observation• Observational techniques are methods by which an individual or individuals gather firsthand data on programs, processes, or behaviors being studied.• They provide evaluators with an opportunity to collect data on a wide range of behaviors, to capture a great variety of interactions, and to openly explore the evaluation topic.• By directly observing operations and activities, the evaluator can develop a holistic perspective, i.e., an understanding of the context within which the project operates.• Observational approaches also allow the evaluator to learn about things the participants or staff may be unaware of or that they are unwilling or unable to discuss in an interview or focus group.
When to use observations• Observations can be useful during both the formative and summative phases of evaluation. For example, during the formative phase, observations can be useful in determining whether or not the project is being delivered and operated as planned.• In the hypothetical project, observations could be used to describe the faculty development sessions, examining the extent to which participants understand the concepts, ask the right questions, and are engaged in appropriate interactions.• Observations during the summative phase of evaluation can be used to determine whether or not the project is successful. The technique would be especially useful in directly examining teaching methods employed by the faculty in their own classes after program participation.
Interviews• Interviews provide very different data from observations: they allow the evaluation team to capture the perspectives of project participants, staff, and others associated with the project.• In the hypothetical example, interviews with project staff can provide information on the early stages of the implementation and problems encountered.• An interview, rather than a paper and pencil survey, is selected when interpersonal contact is important and when opportunities for follow up of interesting comments are desired.• Two types of interviews are used in evaluation research: structured interviews, in which a carefully worded questionnaire is administered; and in depth interviews, in which the interviewer does not follow a rigid form.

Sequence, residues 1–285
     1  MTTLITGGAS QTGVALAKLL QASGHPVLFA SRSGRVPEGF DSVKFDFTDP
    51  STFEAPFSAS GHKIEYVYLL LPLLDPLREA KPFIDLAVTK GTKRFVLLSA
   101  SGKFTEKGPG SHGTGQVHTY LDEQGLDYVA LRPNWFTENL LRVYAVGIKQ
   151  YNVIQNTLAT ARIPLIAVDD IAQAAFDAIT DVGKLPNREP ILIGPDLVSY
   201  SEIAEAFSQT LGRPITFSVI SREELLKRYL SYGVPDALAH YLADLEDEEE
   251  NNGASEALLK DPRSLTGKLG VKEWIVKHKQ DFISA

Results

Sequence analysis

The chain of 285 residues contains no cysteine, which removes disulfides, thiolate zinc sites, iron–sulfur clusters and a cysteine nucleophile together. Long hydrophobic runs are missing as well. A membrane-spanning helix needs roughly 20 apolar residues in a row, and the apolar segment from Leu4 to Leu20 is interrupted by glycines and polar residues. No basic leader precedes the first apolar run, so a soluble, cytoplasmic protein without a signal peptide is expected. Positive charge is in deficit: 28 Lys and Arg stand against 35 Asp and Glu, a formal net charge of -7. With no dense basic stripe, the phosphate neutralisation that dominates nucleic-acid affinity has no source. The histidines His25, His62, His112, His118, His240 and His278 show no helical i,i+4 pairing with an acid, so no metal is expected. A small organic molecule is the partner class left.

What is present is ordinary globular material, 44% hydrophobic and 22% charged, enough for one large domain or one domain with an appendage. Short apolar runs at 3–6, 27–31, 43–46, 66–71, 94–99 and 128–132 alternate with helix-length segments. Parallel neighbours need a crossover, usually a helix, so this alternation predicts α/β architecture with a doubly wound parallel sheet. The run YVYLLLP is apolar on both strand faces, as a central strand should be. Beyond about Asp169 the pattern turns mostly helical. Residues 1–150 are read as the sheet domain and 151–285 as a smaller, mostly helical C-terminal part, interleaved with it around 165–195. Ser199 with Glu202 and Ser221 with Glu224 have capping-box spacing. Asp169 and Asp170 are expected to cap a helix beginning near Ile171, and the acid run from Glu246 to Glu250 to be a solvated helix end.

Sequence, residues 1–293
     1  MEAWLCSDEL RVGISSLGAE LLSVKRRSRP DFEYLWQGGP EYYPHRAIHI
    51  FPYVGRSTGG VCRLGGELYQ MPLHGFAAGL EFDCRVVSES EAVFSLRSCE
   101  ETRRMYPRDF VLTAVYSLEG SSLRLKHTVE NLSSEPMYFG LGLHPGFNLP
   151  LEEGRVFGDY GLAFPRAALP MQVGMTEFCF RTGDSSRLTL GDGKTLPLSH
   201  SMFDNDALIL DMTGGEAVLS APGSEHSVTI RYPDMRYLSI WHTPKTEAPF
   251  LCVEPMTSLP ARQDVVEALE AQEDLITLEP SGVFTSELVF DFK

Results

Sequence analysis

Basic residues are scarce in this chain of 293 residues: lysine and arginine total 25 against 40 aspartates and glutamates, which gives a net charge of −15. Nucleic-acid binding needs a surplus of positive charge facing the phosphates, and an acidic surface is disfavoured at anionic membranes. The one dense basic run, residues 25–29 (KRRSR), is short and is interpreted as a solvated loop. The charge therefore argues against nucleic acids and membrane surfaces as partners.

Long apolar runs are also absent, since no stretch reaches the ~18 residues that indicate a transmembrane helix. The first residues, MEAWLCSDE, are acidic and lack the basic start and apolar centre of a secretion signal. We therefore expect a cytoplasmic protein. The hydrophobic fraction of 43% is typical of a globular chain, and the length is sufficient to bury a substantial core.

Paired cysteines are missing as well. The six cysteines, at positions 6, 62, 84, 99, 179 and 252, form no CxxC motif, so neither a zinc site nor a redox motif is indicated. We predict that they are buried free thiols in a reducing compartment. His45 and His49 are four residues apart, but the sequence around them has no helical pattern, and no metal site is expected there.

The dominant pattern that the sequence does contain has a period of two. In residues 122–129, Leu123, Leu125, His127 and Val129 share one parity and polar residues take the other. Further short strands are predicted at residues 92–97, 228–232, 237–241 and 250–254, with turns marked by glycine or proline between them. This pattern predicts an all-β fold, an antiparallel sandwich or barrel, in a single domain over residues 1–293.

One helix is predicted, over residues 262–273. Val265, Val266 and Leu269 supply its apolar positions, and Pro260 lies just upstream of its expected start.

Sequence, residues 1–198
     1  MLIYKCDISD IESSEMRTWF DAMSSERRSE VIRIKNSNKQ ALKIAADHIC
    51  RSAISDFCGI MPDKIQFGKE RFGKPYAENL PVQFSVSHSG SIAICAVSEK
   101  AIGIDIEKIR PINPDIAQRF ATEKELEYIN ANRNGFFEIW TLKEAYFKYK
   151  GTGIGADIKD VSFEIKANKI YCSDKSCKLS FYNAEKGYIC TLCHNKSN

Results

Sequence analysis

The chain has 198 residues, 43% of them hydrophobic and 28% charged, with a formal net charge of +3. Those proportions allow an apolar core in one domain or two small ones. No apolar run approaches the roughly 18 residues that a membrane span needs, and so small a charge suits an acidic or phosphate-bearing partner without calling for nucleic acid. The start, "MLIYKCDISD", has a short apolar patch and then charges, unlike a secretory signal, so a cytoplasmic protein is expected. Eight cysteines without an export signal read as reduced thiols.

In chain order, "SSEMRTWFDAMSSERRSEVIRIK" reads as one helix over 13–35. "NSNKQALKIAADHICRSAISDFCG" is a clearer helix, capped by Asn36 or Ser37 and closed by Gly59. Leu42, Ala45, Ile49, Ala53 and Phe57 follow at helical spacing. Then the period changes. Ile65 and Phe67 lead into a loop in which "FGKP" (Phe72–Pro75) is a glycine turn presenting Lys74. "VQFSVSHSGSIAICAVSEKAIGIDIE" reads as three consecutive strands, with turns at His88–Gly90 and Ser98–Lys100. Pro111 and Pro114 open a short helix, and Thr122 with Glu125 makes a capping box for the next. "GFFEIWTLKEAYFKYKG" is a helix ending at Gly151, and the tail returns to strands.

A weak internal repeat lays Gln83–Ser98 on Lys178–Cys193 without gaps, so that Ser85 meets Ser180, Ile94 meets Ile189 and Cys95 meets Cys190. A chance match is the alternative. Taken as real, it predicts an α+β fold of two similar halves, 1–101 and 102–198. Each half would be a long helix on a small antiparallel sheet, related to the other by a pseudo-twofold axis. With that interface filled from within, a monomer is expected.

Contd..structured interviews: In-depth interviews: • the interviewers seek to encourage• the emphasis is on obtaining free and open responses, and answers to carefully phrased there may be a trade off between questions. comprehensive coverage of topics• Interviewers are trained to and in depth and limited set of deviate only minimally from the questions. question wording to ensure • In depth interviews also encourage uniformity of interview capturing of respondents’ administration. perceptions in their own words. This allows the evaluator to present the meaningfulness of the experience from the respondent’s perspective. • In depth interviews are conducted with individuals or with a small group of individuals.
When to use interviews• interviews can be used at any stage of the evaluation process. They are especially useful in answering questions such as those suggested by Patton (1990):• What does the program look and feel like to the participants? To other stakeholders?• What are the experiences of program participants?• What do stakeholders know about the project?• What thoughts do stakeholders knowledgeable about the program have concerning program operations, processes, and outcomes?• What are participants’ and stakeholders’ expectations?• What features of the project are most salient to the participants?• What changes do participants perceive in themselves as a result of their involvement in the project?
Focus Groups• Focus groups combine elements of both interviewing and participant observation.• The focus group session is, indeed, an interview not a discussion group, problem-solving session, or decision- making group. (Patton, 1990)• The hallmark of focus groups is the explicit use of the group interaction to generate data and insights that would be unlikely to emerge without the interaction found in a group.• Focus groups are a gathering of 8 to 12 people who share some characteristics relevant to the evaluation. Originally used as a market research tool to investigate the appeal of various products.
Contd.• the focus group technique has been adopted by other fields, such as education, as a tool for data gathering on a given topic.• It conducted by experts take place in a focus group facility that includes recording apparatus (audio and/or visual) and an attached room with a one-way mirror for observation. There is an official recorder who may or may not be in the room.• Participants are paid for attendance and provided with refreshments.